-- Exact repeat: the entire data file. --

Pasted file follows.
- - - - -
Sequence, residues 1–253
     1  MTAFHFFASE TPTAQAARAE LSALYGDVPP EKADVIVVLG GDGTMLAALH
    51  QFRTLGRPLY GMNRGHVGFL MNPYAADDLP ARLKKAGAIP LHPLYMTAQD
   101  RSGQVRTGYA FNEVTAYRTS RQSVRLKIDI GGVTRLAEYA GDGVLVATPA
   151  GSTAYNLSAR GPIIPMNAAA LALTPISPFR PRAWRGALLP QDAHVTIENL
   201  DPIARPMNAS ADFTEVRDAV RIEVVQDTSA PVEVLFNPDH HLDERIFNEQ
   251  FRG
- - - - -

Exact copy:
Sequence, residues 1–253
     1  MTAFHFFASE TPTAQAARAE LSALYGDVPP EKADVIVVLG GDGTMLAALH
    51  QFRTLGRPLY GMNRGHVGFL MNPYAADDLP ARLKKAGAIP LHPLYMTAQD
   101  RSGQVRTGYA FNEVTAYRTS RQSVRLKIDI GGVTRLAEYA GDGVLVATPA
   151  GSTAYNLSAR GPIIPMNAAA LALTPISPFR PRAWRGALLP QDAHVTIENL
   201  DPIARPMNAS ADFTEVRDAV RIEVVQDTSA PVEVLFNPDH HLDERIFNEQ
   251  FRG